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The American press portrays Putin as being the bad guy and the aggressor in the Ukraine crisis. Putin is certainly no saint. A former KGB agent, Putin’s net worth is estimated at some $40 billion dollars … as he has squeezed money out of the Russian economy by treating the country as his own personal fiefdom. And all sides appear to have dirt on their hands in the Russia-Ukraine crisis. But we can only see the bigger picture if we take a step back and gain a little understanding of the history underlying the current tensions. Indeed, the fact that the U.S. has allegedly paid billions of dollars to anti-Russian forces in Ukraine – and even purportedly picked the Ukrainian president – has to be seen in context.
Indeed, the fact that the U.S. has allegedly paid billions of dollars to anti-Russian forces in Ukraine – and even purportedly picked the Ukrainian president – has to be seen in context. Veteran New York Times reporter Steven Kinzer notes at the Boston Globe: From the moment the Soviet Union collapsed in 1991, the United States has relentlessly pursued a strategy of encircling Russia, just as it has with other perceived enemies like China and Iran. [Background here, here and here.] It has brought 12 countries in central Europe, all of them formerly allied with Moscow, into the NATO alliance. US military power is now directly on Russia’s borders. “I think it is the beginning of a new cold war,” warned George Kennan, the renowned diplomat and Russia-watcher, as NATO began expanding eastward. “I think the Russians will gradually react quite adversely, and it will affect their policies.”
Stephen Cohen – professor emeritus at New York University and Princeton University who has long focused on Russia – explained this weekend on CNN: We are witnessing as we talk the making possibly of the worst history of our lifetime. We are watching the descending of a new cold war divide between west and east, only this time, it is not in far away Berlin, it’s right on Russia’s borders through the historical civilization in Ukraine. It’s a crisis of historic magnitude. If you ask how we got in it, how we got into the crisis, and how therefore do we get out, it is time to stop asking why Putin – why Putin is doing this or that, but ask about the American policy, and the European Union policy that led to this moment.
I don’t know if you your listeners or views remember George Kennan. He was considered [a] great strategic thinker about Russia among American diplomats but he warned when we expanded NATO [under Bill Clinton], that this was the most fateful mistake of American foreign policy and that it would lead to a new Cold War. George lived to his hundreds, died a few years ago, but his truth goes marching on. The decision to move NATO beginning in the 90′s continuing under Bush and continuing under Obama, is right now on Russia’s borders. And if you want to know for sure, and I have spent a lot of time in Moscow, if you want to know what the Russian power elite thinks Ukraine is about, it is about bringing it into NATO. One last point, that so-called economic partnership that Yanukovych, the elected president of Ukraine did not sign, and that set off the streets – the protests in the streets in November, which led to this violence in and confrontation today, that so-called economic agreement included military clauses which said that Ukraine by signing this so called civilization agreement had to abide by NATO military policy. This is what this is about from the Russian point of view, the ongoing western march towards post Soviet Russia.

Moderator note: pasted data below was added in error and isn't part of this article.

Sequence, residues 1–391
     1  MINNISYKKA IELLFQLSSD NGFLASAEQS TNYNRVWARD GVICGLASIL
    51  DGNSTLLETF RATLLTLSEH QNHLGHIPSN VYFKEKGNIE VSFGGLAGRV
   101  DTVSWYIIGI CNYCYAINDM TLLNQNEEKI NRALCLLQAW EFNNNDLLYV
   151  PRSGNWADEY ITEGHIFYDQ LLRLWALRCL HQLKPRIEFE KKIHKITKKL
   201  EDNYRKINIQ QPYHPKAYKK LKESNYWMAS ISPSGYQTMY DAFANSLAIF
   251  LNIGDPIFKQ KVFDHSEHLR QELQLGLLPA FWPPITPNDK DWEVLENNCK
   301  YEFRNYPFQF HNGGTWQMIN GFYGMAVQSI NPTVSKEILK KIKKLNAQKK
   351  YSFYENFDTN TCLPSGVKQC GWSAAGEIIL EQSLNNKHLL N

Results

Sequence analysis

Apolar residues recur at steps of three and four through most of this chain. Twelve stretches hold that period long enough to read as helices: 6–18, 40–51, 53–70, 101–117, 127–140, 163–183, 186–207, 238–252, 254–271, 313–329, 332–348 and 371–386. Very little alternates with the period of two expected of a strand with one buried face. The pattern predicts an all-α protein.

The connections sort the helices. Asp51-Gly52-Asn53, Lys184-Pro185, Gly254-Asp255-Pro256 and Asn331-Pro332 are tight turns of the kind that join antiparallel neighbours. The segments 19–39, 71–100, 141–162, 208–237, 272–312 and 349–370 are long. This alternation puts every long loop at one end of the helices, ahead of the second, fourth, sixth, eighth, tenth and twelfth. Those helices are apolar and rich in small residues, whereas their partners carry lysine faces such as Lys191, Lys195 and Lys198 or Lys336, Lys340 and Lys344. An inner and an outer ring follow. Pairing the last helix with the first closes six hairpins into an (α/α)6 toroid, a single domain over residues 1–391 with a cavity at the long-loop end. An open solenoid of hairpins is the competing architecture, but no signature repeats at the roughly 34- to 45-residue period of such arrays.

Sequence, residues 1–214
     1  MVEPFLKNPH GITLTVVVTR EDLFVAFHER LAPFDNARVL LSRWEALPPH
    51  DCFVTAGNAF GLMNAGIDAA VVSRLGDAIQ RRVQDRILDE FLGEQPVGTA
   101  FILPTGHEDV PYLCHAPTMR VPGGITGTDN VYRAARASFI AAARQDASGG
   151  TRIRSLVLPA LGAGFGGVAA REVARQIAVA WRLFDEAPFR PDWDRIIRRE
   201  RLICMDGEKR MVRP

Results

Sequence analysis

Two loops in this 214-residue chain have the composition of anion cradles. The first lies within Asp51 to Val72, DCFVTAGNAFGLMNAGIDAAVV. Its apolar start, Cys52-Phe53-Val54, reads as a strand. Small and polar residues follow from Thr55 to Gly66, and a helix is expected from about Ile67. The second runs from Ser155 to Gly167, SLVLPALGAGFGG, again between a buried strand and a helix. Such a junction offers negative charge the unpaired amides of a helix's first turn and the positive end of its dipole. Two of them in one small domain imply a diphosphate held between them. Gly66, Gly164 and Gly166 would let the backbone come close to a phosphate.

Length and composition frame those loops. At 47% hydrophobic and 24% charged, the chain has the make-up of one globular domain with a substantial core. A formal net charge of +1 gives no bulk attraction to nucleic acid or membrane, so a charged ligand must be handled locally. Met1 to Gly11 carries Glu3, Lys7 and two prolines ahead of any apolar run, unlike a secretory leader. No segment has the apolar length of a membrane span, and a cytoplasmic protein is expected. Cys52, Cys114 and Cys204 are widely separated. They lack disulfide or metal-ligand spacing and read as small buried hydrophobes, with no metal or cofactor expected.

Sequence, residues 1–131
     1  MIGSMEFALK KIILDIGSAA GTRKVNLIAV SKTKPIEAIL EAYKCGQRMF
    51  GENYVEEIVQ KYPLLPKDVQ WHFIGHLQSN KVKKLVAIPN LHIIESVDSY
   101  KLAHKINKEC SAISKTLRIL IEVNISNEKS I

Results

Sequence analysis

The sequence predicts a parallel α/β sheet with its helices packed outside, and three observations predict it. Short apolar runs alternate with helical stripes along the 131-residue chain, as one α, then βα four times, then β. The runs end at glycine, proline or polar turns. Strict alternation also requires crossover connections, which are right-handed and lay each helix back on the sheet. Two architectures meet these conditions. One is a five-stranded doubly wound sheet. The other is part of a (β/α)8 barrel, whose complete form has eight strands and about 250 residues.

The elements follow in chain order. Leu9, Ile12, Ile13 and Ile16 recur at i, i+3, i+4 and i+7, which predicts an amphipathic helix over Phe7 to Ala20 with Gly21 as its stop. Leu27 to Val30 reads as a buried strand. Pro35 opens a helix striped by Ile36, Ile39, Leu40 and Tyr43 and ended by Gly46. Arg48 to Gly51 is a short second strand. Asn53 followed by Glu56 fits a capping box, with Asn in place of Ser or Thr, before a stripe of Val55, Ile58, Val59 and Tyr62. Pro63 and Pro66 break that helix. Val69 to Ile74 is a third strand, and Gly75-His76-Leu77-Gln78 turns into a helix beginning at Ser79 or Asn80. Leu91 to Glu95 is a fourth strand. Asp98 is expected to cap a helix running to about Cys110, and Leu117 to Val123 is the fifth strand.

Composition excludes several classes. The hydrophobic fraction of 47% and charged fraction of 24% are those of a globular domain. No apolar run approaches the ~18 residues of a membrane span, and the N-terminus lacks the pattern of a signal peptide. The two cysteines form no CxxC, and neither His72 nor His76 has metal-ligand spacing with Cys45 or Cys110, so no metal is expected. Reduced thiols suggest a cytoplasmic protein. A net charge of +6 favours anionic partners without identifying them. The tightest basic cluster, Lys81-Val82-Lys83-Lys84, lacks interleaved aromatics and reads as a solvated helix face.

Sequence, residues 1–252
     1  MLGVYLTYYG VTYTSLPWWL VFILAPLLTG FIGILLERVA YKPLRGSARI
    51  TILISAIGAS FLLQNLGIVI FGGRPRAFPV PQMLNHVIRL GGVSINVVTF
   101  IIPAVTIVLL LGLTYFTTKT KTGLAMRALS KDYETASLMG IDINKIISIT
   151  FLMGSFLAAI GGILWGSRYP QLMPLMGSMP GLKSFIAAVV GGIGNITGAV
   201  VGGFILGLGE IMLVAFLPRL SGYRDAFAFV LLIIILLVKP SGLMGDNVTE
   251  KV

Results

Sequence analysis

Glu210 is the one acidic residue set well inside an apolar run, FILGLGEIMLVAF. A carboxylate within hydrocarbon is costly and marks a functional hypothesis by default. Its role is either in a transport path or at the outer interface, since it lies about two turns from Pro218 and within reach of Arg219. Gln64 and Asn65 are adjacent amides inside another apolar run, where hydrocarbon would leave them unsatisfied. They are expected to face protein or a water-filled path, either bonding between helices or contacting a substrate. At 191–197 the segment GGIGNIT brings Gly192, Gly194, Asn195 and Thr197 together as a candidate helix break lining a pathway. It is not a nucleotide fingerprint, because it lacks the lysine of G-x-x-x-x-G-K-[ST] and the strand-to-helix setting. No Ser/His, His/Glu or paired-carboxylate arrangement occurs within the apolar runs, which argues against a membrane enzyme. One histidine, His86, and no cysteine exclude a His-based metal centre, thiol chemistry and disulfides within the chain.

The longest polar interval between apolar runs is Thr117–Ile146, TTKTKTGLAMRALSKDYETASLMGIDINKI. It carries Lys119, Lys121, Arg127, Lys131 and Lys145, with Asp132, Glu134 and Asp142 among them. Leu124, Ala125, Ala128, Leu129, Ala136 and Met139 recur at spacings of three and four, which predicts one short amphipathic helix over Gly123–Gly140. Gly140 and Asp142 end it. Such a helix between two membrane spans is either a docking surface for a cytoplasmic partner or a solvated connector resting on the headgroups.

Jonathan Steele writes at the Guardian Both John Kerry’s threats to expel Russia from the G8 and the Ukrainian government’s plea for Nato aid mark a dangerous escalation of a crisis that can easily be contained if cool heads prevail. Hysteria seems to be the mood in Washington and Kiev, with the new Ukrainian prime minister claiming, “We are on the brink of disaster” as he calls up army reserves in response to Russian military movements in Crimea. Were he talking about the country’s economic plight he would have a point. Instead, along with much of the US and European media, he was over-dramatising developments in the east, where Russian speakers are understandably alarmed after the new Kiev authorities scrapped a law allowing Russian as an official language in their areas. They see it as proof that the anti-Russian ultra-nationalists from western Ukraine who were the dominant force in last month’s insurrection still control it. Eastern Ukrainians fear similar tactics of storming public buildings could be used against their elected officials. Kerry’s rush to punish Russia and Nato’s decision to respond to Kiev’s call by holding a meeting of member states’ ambassadors in Brussels today were mistakes. Ukraine is not part of the alliance, so none of the obligations of common defence come into play. Nato should refrain from interfering in Ukraine by word or deed. The fact that it insists on getting engaged reveals the elephant in the room: underlying the crisis in Crimea and Russia’s fierce resistance to potential changes is Nato’s undisguised ambition to continue two decades of expansion into what used to be called “post-Soviet space”, led by Bill Clinton and taken up by successive administrations in Washington. At the back of Pentagon minds, no doubt, is the dream that a US navy will one day replace the Russian Black Sea fleet in the Crimean ports of Sevastopol and Balaclava.